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Self-planting plant discovered in Brazil

The ultimate gift for lazy gardeners

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Those Register readers who possess a garden yet are not fond of spending time on their knees clutching a trowel – take heart! Science has found a possible answer to your needs with the discovery of a type of plant which does not merely release its seeds, but actually bends down and buries them in the soil for you.

The quite literally green-fingered self-deploying plant has been dubbed Spigelia genuflexa for its ability to genuflect (bow down, roughly) in similar fashion to one showing respect to a religious figure etc. However rather than kissing a ring, the flexible S genuflexa bends forward to reproduce itself.

According to a statement issued by Rutgers University in the States:

After fruits are formed, the fruiting branches "bend down", depositing the capsules with seeds on the ground and sometimes burying them in the soft cover of moss, a phenomenon called geocarpy. This ensures that the seeds end up as close to the mother plant as possible, facilitating its propagation the following season.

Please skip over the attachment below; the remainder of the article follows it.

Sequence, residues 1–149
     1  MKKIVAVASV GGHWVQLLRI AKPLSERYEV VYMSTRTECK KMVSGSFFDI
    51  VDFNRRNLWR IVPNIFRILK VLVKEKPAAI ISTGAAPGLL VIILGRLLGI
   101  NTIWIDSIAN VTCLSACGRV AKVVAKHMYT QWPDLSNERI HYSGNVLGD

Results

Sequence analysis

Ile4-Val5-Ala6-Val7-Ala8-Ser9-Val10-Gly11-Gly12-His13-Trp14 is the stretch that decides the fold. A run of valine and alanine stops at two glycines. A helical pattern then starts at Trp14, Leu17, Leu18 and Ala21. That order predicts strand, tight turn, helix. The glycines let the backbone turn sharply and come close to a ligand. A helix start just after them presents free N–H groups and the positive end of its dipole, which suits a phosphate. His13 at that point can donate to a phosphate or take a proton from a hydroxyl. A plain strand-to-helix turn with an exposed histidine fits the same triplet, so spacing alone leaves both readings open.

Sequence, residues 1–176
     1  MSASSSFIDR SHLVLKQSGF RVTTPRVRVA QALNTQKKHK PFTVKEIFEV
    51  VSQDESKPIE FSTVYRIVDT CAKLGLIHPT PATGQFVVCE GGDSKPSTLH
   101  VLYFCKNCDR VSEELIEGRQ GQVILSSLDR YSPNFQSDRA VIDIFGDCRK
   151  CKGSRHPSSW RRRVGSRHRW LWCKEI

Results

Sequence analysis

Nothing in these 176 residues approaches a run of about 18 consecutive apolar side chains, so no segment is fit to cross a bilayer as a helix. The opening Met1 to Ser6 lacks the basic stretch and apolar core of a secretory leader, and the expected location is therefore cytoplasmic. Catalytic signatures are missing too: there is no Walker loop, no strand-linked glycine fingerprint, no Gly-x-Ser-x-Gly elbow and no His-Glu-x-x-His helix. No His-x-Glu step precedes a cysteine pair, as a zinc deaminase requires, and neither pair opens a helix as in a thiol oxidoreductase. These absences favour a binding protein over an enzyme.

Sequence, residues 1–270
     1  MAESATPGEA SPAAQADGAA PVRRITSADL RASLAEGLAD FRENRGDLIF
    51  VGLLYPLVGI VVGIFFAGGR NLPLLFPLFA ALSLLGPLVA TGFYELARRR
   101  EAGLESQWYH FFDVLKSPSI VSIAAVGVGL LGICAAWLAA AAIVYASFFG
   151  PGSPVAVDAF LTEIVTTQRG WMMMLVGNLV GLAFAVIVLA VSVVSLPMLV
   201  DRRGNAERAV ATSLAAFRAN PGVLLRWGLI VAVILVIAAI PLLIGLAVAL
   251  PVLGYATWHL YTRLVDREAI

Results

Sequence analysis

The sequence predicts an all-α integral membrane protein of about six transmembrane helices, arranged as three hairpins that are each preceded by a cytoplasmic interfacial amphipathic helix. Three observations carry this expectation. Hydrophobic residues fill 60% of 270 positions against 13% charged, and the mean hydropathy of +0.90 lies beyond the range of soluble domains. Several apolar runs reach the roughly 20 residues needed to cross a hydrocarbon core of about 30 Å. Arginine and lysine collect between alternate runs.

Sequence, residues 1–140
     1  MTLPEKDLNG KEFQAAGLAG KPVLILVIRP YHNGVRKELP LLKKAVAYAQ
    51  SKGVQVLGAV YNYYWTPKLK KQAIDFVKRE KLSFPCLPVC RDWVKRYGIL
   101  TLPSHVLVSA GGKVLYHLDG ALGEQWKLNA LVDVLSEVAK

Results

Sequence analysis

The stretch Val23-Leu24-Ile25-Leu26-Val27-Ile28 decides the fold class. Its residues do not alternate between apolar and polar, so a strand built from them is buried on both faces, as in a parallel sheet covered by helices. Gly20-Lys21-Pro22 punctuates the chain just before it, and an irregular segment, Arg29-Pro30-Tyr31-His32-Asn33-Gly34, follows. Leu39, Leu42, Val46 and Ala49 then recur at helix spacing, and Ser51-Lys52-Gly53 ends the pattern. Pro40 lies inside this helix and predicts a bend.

The self-planting plant was discovered by amateur botanist Alex Popovkin on his property in Bahia, Brazil. Boffins at Rutgers aided him in pinning down S genuflexa as a new discovery.

"It's taken me 30 years, from my days as a volunteer at the greenhouses of the Botanic Garden of the University of St Petersburg, to realise my dream of living in the tropics and studying its plants up close," says Popovkin.

"It is very easy to think we have found and described most plant species of the world already, but this discovery shows that there are so many left out there without name and recognition," adds botanist Lena Struwe of Rutgers.

Full details on the discovery have been published in the journal PhytoKeys. ®

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